Instructor :
Dr. Maryam Khaleel
Start date
End date

Li-Air batteries are electrochemical cells which typically consist of a lithium metal anode and a carbon cathode known as the “air” electrode due to the utilization of oxygen as a reactant. Theoretically, Li-Air batteries have the highest specific energy density among batteries of about 3500 Wh kg-1 (including the mass of the cathodic product). This allows Li-Air batteries to store 5 to 10 times as much energy when compared to current state-of-the-art LIBs. Lithium ions and oxygen react at the cathode during discharge to form lithium peroxide (Li2O2). The focus of this work is on designing hierarchical porous carbon materials with well-defined geometries to be used as cathodes. The utilization of hierarchical porous materials as cathodes could offer several advantages which we aim to verify. Namely, the high surface area offers a higher interfacial contact between the electrode and the electrolyte resulting in higher capacity. Moreover, the presence of wider voids in the form of mesopores and macropores offers transport “highways” for faster charge and molecular transport. Most importantly however, the mesopores offer the possibility of discharge product (Li2O2) storage without clogging ensuring continuous oxygen transport to the reaction centers and reducing passivation. Designing hierarchical carbon with high surface area, high electrical conductivity and low cost could transform energy storage scenario if a practical device could be realized. We also target tuning the electrocatalytic activity of the cathodes for oxygen reduction and oxygen evolution reactions.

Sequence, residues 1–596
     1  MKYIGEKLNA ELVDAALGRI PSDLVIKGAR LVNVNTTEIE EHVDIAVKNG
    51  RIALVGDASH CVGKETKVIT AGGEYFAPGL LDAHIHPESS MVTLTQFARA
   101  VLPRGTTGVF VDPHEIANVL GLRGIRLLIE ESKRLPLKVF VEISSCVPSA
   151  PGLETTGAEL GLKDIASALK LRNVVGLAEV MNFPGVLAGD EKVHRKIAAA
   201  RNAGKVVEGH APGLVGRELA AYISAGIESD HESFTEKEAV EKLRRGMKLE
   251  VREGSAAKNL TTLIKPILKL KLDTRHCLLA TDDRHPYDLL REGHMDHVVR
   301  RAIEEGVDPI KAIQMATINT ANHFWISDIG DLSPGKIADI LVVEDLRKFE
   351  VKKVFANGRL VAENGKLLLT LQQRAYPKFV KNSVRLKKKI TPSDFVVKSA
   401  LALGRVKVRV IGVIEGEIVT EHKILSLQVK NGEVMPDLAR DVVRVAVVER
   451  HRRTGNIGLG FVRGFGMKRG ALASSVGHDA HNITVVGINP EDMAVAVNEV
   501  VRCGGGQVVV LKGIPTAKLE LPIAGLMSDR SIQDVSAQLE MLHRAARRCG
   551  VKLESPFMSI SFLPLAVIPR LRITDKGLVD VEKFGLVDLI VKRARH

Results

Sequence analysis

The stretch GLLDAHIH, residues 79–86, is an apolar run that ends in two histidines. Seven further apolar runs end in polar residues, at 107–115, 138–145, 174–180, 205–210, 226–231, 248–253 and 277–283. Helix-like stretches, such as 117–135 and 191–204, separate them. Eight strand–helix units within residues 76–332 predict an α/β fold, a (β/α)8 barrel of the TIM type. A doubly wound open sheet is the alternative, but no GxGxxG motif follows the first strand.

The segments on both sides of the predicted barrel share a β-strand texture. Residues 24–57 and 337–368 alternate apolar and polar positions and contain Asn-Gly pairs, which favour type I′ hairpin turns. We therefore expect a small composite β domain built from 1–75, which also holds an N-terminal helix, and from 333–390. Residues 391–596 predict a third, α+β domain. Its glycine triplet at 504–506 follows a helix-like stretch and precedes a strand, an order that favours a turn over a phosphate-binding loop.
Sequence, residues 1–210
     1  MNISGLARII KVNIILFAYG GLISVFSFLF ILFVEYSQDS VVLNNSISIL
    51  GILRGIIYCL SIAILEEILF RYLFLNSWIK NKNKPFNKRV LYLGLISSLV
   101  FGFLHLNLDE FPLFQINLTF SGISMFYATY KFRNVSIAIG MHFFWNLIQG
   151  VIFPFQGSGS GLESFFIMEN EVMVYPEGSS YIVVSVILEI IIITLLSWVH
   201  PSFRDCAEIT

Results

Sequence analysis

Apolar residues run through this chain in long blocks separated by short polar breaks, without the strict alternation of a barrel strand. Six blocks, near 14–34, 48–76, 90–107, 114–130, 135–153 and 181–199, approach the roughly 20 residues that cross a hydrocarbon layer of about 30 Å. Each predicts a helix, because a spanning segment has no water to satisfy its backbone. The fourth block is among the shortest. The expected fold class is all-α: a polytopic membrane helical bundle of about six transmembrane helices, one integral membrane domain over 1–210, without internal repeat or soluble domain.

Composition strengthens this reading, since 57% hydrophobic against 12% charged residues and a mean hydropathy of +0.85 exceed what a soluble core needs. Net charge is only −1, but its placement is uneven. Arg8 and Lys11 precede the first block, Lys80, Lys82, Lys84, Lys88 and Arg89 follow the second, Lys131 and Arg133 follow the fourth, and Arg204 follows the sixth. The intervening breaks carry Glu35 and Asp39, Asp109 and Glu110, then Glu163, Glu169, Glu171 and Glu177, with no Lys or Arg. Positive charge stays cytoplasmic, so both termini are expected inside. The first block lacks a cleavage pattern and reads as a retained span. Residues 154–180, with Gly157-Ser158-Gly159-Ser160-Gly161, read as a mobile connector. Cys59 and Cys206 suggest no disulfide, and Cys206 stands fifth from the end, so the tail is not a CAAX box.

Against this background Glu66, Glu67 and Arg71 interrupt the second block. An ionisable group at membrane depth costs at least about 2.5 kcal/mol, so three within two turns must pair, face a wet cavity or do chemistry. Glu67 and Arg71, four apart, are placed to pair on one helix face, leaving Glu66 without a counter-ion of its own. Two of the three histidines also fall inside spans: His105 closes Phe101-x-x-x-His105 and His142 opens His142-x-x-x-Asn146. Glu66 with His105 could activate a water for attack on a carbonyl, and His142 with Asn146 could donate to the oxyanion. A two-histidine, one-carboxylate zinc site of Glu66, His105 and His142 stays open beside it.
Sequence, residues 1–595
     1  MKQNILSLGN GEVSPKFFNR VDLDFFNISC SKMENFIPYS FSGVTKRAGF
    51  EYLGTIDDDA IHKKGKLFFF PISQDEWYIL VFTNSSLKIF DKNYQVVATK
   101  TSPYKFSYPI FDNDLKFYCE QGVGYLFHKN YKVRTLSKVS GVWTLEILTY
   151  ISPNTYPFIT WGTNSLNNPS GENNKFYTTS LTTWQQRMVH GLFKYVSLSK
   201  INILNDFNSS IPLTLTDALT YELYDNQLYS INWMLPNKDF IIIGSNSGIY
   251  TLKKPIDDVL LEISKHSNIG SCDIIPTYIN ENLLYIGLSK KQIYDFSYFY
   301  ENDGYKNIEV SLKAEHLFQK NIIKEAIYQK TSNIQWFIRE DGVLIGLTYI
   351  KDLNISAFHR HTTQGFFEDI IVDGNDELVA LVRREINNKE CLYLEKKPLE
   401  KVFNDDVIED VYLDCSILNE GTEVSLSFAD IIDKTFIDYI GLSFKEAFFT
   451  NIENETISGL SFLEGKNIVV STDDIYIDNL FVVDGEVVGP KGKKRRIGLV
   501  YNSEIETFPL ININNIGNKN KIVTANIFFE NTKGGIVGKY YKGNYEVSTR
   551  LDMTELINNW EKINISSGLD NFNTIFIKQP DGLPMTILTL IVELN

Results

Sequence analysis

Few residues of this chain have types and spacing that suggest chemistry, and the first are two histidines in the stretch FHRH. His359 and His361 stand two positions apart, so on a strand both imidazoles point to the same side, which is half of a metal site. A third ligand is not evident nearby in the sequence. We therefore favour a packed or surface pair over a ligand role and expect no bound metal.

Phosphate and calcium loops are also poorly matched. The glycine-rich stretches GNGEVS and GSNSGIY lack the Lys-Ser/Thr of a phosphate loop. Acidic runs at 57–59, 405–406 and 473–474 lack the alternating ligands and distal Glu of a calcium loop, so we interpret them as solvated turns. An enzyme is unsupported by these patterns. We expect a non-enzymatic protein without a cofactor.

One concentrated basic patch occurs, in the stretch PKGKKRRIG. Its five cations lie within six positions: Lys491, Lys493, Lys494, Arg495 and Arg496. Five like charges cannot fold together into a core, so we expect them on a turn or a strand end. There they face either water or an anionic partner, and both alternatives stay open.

Expected outcome from the Student's work

This work involves the synthesis of carbon materials with controlled porosity and added electroactivity and testing those as cathodes in Li-O2 batteries to understand the relationship between structure and performance. Students are expected to assist in materials preparation and testing.

Terms & conditions

Students should have background in either chemical engineering or materials science. They should attend to lab regularly at the times agreed upon. They should not disclose any confidential information outside the team.